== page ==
Communications

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How Journaling Leads to a More Altruistic Life

We all remember the glory days of high school. History, algebra, maybe a P.E. day every now and then and of course the dreaded… writing class. We know; some days it felt like agony trying to get one single idea out on paper.

But, your scary old English teacher may have actually been onto something. Journaling can not only better your personal life, but it can improve your altruistic life focus. Turns out, regular writing and keeping a journal actually has a lot of surprising mental and emotional health benefits. Today, we’re going to check them out.

1. Emotional Outlet
Step one: emotional intelligence. Holding in emotions—especially sad, angry, negative ones—has been shown to have incredibly detrimental effects on a person’s health. Daily journaling allows you to release these emotions in a safe, non-judgemental environment, while increasing your self-awareness and emotional perception. Getting negative stuff out on paper leaves more room for positivity to fill you up, leading to a happier and healthier lifestyle.

2. Stress Reduction
With emotional intelligence comes less stress. Oftentimes, we feel overwhelmed at situations we perceive as uncontrollable. However, writing about these experiences and actually seeing them on paper gives us something to grasp mentally, helping to reduce our stress levels about the issue. Some studies by Psychology Today have shown journaling to not only reduce stress, but to also lower anxiety and induce a deeper sleep.

3. Creativity Boost
This one’s a no-brainer. The more you write, the more practice you have to get those creative juices flowing. You’ve probably heard the saying before: the question isn’t whether or not we’re creative, it is how to let the creativity out. Regular writing gives you the opportunity to brainstorm new ideas, thoughts and questions, pushing you out of your comfort zone and into a brand new creative realm.

4. Mental Engagement
Of course, the more creative we feel, the more our brains are challenged, and the more we are mentally engaged, which can literally strengthen our IQ. As journaling is an exploration of language, it causes us to search for new words, challenge ideas and strengthen our vocabulary. So, your English teacher was right—writing does make you smarter.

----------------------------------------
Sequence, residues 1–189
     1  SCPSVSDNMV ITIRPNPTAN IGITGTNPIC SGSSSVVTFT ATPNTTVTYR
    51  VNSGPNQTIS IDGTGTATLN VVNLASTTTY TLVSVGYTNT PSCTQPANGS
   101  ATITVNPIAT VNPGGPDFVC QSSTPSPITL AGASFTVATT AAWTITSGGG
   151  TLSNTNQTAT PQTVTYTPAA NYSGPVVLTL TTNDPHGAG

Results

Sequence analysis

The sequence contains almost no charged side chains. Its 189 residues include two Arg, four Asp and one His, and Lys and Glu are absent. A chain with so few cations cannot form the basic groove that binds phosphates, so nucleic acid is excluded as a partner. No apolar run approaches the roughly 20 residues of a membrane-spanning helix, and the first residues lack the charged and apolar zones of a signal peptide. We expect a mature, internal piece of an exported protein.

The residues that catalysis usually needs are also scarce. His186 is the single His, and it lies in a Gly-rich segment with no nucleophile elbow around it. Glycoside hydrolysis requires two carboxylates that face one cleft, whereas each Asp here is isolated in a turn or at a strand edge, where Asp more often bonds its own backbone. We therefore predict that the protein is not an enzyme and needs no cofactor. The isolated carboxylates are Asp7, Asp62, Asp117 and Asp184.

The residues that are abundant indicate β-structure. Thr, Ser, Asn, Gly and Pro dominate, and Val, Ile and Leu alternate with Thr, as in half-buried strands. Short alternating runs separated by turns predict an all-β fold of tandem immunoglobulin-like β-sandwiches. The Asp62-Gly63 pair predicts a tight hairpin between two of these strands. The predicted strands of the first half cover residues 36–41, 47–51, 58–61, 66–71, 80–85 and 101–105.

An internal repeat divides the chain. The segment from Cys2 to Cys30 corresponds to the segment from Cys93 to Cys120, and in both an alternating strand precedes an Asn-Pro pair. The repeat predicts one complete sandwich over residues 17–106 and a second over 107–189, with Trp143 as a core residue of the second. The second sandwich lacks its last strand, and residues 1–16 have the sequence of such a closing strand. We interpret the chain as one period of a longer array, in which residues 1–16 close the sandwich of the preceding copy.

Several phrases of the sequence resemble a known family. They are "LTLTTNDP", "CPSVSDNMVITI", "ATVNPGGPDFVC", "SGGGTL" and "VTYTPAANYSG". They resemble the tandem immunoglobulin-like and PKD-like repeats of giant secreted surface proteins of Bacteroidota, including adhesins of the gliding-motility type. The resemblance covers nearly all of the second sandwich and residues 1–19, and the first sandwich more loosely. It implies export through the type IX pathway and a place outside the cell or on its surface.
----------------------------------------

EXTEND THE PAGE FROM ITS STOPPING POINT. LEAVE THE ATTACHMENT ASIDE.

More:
5. Self-Discipline
Setting aside time each day to journal and then sticking to it creates a more disciplined lifestyle, which is a valuable asset to have. Self-discipline can then seep into other areas of life, e.g. getting your work assignments in on time, following through on relational promises or even eating healthier. When it comes to making a positive change, nothing is more important than having a strong self-discipline.

6. Goal Setting
Finally, one of the greatest benefits of all: journaling helps you set and achieve your goals. When we journal, we write about our aspirations, our dreams, our goals. Putting these words to paper and actually writing out what we want to accomplish makes them much more realistic—and realistic means achievable. Writing down goals tells your brain “this is important.” Then, your brain is more prepared to mark relevant opportunities and tools to achieve the goal.

While writing might not have been our favorite class in high school, it’s definitely up there now. Keeping a daily journal has enormous benefits, and encourages us to live a happier, healthier, more altruistic lifestyle. So whether you’re sitting at home, relaxing in the park or enjoying your favorite restaurant, crack open your journal and get writing… you may just be surprised at everything you have to say.

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